Why Are Stealth Games Cool?

E3’s Violence Overload, Versus Gaming’s Usual Violence Overload

The Suspicious Developments manifesto

GDC Talk: How To Explain Your Game To An Asshole

Listening To Your Sound Effects For Gunpoint

Understanding Your Brain

What Makes Games Good

A Story Of Plane Seats And Class

Deckard: Blade Runner, Moron

Avoiding Suspicion At The US Embassy

An Idea For A Better Open World Game

A Different Way To Level Up

How I Would Have Ended BioShock

My Script For A Team Fortress 2 Short About The Spy

Team Fortress 2 Unlockable Weapon Ideas

Don’t Make Me Play Football Manager

EVE’s Assassins And The Kill That Shocked A Galaxy

My Galactic Civilizations 2 War Diary

I Played Through Episode Two Holding A Goddamn Gnome

My Short Story For The Machine Of Death Collection

Blood Money And Sex

A Woman’s Life In Search Queries

First Night, Second Life

SWAT 4: The Movie Script

I Don’t Know About You Folks

I’m ill, in the way where nothing seems real. I’m not sure what to do about it, because I was already doing everything I normally do to recover from illness when I became ill – in fact, the former followed from the latter so directly that it’s hard not to assume they’re causally connected. I’m getting more sleep than at any point in the last five years, getting more than my RDA of every vitamin known to man, eating actual food more than twice a day, and keeping warm at all times – not hard because it’s unseasonably warm anyway. I’m at a loss, body. What do you want from me?

I hate getting more than seven hours’ sleep, too. Apart from giving up a chunk of precious consciousness-time, and waking up more tired than if I’d had four hours, my brain spends all its REM-sleep time trying to think of the worst possible things that could happen, then informing me very vividly that they all have. Last night I got cancer, and had huge, dark lesions all over my face, then I was attacked by spiders. Thanks, brain! That was a fun nine hours! The physical tortures are actually the highlights: the rest of the time my subconscious invents new mental and emotional traumas, and these are much, much less enjoyable than being repeatedly stabbed then flayed.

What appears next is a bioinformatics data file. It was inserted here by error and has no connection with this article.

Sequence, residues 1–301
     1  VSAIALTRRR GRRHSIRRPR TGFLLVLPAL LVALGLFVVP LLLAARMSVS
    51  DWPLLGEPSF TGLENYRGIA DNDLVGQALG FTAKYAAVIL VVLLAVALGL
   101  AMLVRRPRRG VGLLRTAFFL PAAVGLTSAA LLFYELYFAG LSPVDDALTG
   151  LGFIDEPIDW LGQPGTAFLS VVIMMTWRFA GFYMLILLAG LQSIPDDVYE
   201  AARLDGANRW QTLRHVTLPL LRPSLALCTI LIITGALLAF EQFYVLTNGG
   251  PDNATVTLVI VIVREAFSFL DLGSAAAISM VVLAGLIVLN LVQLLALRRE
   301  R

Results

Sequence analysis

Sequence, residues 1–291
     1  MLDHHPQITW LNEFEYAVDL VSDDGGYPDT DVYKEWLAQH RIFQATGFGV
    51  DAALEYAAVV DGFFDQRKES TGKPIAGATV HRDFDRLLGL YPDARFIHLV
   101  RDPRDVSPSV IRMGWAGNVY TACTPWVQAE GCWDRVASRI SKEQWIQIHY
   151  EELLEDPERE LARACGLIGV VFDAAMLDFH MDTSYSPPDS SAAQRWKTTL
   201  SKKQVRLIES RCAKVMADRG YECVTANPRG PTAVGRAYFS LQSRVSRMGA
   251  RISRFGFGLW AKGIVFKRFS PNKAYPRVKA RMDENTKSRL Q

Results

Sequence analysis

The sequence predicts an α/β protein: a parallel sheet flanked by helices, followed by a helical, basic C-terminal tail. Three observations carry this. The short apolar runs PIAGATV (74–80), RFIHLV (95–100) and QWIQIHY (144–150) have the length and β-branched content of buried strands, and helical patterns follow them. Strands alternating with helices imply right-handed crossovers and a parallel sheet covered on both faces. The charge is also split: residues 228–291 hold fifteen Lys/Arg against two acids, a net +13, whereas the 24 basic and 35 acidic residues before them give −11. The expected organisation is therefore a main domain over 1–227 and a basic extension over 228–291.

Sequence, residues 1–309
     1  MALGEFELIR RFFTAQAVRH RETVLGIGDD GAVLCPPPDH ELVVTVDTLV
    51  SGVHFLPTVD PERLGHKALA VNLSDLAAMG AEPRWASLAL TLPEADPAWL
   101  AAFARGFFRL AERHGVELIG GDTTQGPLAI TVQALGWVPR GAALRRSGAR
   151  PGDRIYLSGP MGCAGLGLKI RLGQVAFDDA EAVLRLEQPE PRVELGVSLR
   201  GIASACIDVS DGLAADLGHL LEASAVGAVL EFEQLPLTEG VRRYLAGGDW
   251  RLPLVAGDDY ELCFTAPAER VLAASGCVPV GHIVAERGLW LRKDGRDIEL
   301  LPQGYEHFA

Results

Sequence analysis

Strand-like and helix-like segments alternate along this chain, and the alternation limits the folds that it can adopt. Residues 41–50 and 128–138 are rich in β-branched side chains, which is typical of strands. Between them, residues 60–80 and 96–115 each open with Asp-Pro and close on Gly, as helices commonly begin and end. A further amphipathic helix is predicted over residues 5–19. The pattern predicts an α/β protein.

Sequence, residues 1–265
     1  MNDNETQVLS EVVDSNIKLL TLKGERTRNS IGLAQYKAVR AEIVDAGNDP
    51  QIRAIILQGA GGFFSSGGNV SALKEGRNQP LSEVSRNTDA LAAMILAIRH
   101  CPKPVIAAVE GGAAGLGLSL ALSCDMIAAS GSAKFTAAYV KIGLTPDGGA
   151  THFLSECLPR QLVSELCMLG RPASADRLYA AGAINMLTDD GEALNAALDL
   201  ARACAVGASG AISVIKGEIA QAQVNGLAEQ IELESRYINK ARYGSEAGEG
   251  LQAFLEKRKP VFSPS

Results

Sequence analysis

Being ill doesn’t make the nightmares any worse, but the groggy detachment from reailty makes them harder to shake in the land of the conscious. It wasn’t until I dressed this morning and caught a glimpse of myself in the mirror that I realised I wasn’t mutilated and terminally ill. Anyway, all that is by way of explaining why this has lain dormant all week; I don’t like wasting your brainspace with this stuff and it’s hard to concentrate on anything else. Instead, now that I’ve done so anyway, I’ll append a less gloomy note to compensate.